1. Leverage the Jira connector (along with its prebuilt trigger if necessary), and ask your end users to use the OAuth 1 version of the service. This will require them to use the terminal, while gathering their OAuth 1 authentication parameters.

Option 2: Jira Cloud

  1. Leverage the Jira Cloud connector, which allows your end users to authenticate with just their Jira site URL and username/ password. If a trigger is required, than separate setup will be necessary which will require them to copy/ paste a webhook URL into their Jira account.

While the OAuth 1 process and creating a Jira Cloud trigger may seem intimidating, both are rather straightforward and well documented on our site.

See below headers for more details.

OAuth 1 vs OAuth 2

OAuth 1 (used by the the Jira connector) is slightly more complex than OAuth 2 (which is used by Jira Cloud).

The Jira OAuth 1 process requires users to be comfortable with using the terminal.

This is because when setting up their authentication, they will need to generate a private key using terminal commands.

This process is employed by many of our users as it is relatively simple and very well documented in the Authenticaition section above.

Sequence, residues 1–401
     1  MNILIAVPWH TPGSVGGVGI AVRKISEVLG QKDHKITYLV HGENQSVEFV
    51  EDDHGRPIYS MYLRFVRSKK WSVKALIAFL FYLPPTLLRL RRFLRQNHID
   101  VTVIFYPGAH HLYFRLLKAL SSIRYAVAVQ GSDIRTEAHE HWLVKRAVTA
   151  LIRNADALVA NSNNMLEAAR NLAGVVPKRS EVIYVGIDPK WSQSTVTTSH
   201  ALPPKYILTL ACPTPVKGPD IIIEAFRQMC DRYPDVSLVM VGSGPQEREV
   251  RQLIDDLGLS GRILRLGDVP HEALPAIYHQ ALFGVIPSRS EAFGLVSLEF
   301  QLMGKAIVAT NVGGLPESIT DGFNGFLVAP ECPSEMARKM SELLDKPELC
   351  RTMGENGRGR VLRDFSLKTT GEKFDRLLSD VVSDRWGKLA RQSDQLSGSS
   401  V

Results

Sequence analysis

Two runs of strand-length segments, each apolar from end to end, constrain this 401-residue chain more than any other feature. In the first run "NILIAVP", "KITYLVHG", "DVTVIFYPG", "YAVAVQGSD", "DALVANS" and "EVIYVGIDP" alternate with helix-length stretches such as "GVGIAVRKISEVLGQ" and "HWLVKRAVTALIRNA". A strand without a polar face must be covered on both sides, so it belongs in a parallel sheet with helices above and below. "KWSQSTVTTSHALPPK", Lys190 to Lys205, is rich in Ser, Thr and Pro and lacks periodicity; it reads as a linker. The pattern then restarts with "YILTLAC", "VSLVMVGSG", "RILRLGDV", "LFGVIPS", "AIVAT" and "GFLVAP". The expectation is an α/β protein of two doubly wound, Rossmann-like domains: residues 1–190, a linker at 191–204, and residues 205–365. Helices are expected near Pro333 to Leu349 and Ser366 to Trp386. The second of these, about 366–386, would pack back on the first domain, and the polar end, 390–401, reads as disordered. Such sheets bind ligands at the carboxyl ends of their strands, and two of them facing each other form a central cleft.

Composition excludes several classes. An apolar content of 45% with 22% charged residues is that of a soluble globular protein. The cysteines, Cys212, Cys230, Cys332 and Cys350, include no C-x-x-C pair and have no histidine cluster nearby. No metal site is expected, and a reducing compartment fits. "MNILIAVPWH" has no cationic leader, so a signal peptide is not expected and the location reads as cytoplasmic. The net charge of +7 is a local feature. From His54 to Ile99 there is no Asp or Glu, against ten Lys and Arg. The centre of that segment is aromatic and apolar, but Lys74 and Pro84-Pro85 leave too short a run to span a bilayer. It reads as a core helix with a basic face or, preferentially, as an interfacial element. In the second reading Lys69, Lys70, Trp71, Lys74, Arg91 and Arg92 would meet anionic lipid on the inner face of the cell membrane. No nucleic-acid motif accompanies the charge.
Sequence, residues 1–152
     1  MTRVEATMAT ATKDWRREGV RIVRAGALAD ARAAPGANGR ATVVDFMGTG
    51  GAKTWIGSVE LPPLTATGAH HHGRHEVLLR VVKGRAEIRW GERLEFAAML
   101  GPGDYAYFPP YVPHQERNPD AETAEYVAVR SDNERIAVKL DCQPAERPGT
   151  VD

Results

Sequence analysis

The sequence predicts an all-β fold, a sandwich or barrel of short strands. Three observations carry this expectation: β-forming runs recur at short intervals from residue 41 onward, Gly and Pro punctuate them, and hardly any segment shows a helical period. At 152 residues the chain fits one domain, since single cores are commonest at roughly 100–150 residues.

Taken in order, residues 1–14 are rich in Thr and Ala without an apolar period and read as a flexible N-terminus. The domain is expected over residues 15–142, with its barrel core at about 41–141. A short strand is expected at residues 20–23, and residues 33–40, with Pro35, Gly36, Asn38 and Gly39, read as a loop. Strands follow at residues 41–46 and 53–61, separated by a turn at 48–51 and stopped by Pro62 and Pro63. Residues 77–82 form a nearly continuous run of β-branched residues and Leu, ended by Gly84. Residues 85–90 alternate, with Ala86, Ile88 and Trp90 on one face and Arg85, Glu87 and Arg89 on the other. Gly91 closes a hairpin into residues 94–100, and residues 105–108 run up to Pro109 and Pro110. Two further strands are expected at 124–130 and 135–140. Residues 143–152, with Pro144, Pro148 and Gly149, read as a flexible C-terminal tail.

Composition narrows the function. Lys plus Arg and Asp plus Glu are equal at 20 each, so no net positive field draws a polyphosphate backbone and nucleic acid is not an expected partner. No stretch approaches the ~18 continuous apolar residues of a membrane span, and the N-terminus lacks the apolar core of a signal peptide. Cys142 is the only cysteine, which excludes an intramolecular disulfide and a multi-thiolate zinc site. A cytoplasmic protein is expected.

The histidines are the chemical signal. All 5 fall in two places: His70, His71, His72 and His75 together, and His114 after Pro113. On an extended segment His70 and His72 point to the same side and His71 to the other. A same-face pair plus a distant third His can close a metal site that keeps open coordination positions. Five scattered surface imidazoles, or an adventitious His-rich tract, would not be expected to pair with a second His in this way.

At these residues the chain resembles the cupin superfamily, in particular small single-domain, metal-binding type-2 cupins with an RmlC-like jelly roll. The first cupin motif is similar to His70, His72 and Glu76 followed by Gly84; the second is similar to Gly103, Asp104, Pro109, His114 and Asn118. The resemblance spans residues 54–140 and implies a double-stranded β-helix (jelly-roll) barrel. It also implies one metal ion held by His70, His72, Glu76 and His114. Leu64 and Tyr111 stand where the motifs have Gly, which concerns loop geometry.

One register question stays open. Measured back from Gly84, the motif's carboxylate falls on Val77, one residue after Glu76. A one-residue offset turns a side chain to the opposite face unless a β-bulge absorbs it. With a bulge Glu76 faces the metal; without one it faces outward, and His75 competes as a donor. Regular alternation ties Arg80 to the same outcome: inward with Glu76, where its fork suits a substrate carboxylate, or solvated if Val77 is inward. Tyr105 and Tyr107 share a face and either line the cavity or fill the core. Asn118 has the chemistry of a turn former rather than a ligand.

However less technically able users may still find this process intimidating so please take this into account for your end users.

The Jira Cloud OAuth 2 process only requires an end user to input their Jira site url and username/ password credentials.


The API version used when setting up either of the Jira instances dictated whether or not a trigger was able to be programmatically created.

  • Jira comes with a ready made trigger.

  • Jira Cloud DOES NOT come with a prebuilt trigger.

PLEASE NOTE: Rest assured, that while there is no trigger automatically available for Jira Cloud users, Jira Cloud does support the use of webhooks, and therefore creating a trigger is possible.

The Jira v3.0 API simply does not support the programmatic creation of them. This is a common complaint, as you can see in Jira support threads here. Webhooks are a modern construct, and not many APIs allow you to create them programmatically simply because more development work is required by the service provider to enable this.

However with the help of the Webhook trigger, users can set up an instance of their own Jira Cloud trigger relatively easily:

  1. Select the Webhook trigger and choose Jira Cloud from the dropdown options available. Enable the workflow.

  2. Paste in the Jira site url, and when the popup model appears approve and login.

  3. Within the workflow settings, copy the workflow's public URL (aka webhook URL).

  4. Head to your Jira account and sdd the URL to your 'System webhooks'. This should be under: 'Settings' -> 'Systems' -> 'Advanced' -> 'Webhooks'.

List of key differences


  • Hosts a service connector.

  • Hosts a trigger.

  • Leverages v2.0 of the Jira API.

  • Uses OAuth 1 authentication process (which in this case requires users to be comfortable working with the terminal).

Jira Cloud

  • Hosts a service connector.

  • No trigger available, however the Jira Cloud connector can support webhooks. See our note on Jira vs Jira Cloud: Triggers for more details.

  • Leverages v3.0 of the Jira API.

  • Uses OAuth 2 authentication process (which in this case only requires a username and password).